Pierre Comon’s research focuses on a subject that is as simple as it is complex: how to find a single solution to a problem. From environment to health and telecommunications, this researcher in information science at GIPSA-Lab is taking on a wide range of issues. Winner of the IMT-Académie des Sciences 2018 Grand Prix, he juggles mathematical abstraction and the practical, scientific reality in the field.
When asked to explain what a tensor is, Pierre Comon gives two answers. The first is academic, factual, and rather unattractive despite a hint of vulgarization: “it is a mathematical object that is equivalent to a polynomial with several variables.” The second answer reveals a researcher conscious of the abstract nature of his work, passionate about explaining it and experienced at doing so. “If I want to determine the concentration of a molecule in a sample, or the exact position of a satellite in space, I need a single solution to my mathematical problem. I do not want several possible positions of my satellite or several concentration values, I only want one. Tensors allow me to achieve this.”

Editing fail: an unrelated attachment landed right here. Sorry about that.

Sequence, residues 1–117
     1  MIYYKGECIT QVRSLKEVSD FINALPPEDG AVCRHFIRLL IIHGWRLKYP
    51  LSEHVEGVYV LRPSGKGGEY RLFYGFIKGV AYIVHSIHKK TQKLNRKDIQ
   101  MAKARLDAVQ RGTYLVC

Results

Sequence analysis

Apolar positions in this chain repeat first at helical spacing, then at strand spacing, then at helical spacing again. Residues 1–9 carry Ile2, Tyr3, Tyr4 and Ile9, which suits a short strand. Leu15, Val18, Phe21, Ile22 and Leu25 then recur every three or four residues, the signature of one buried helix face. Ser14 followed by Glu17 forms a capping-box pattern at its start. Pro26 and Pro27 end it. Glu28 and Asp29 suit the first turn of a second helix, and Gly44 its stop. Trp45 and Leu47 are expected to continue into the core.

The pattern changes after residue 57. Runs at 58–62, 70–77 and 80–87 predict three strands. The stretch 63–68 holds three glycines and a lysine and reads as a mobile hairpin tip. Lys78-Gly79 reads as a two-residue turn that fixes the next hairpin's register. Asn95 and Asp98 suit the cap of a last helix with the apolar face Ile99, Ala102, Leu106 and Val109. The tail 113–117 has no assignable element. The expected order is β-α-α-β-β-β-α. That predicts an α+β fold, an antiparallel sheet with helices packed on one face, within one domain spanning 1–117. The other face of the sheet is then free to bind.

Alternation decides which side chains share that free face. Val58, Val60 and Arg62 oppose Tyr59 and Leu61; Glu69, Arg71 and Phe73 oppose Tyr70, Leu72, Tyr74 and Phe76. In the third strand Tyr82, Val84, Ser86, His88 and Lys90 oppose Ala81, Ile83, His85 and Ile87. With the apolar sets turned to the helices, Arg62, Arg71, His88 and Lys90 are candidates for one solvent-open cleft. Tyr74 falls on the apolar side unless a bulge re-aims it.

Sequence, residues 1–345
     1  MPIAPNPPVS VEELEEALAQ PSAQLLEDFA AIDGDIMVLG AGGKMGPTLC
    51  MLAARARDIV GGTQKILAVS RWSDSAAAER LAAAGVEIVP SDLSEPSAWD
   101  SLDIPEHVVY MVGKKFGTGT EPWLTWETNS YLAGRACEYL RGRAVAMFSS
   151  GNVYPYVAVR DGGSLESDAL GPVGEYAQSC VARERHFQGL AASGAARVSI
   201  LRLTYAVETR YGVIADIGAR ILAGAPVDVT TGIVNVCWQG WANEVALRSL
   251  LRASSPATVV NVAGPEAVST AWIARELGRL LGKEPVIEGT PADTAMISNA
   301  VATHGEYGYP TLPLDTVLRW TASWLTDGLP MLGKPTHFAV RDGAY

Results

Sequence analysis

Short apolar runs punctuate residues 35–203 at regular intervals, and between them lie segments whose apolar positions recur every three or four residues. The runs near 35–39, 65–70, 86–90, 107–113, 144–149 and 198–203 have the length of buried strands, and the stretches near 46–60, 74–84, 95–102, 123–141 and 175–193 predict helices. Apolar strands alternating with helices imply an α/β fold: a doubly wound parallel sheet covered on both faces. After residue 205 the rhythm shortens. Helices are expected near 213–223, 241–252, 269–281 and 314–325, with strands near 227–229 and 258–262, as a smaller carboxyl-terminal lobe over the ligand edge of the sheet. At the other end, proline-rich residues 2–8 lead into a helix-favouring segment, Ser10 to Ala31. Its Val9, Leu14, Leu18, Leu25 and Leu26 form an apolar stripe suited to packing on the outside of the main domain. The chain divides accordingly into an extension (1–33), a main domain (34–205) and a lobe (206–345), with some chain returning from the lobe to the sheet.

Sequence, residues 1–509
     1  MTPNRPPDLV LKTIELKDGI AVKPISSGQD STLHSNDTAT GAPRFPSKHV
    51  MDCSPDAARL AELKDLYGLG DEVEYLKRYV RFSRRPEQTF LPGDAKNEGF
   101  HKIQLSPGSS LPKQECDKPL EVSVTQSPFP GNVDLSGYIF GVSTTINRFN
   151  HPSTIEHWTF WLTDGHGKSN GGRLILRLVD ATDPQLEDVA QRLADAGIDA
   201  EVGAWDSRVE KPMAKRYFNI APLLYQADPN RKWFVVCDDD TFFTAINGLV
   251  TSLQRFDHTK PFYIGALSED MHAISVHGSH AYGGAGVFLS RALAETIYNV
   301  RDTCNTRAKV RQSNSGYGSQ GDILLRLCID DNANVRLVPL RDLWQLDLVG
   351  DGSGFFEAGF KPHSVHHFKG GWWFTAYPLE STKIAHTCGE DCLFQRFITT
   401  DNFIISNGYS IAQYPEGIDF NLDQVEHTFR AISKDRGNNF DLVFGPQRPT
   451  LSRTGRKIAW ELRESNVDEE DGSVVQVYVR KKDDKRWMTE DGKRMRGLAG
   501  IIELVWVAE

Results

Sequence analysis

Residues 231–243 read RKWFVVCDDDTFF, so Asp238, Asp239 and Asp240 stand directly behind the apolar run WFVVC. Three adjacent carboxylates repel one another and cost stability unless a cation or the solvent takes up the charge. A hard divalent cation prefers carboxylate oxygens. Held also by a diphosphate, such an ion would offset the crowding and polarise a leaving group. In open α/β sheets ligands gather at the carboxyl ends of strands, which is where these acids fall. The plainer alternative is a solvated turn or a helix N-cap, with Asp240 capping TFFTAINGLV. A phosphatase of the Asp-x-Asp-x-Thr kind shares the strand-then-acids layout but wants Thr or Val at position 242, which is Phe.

Tensors are particularly powerful in conditions in which the number of parameters is not particularly high. For example, they cannot be used to find the unknown position of 100 satellites with only 2 antennas. However, when the ratio between the parameters to be determined and the data samples are balanced, they become a very useful tool. There are many applications for tensors, including telecommunications, environment and healthcare.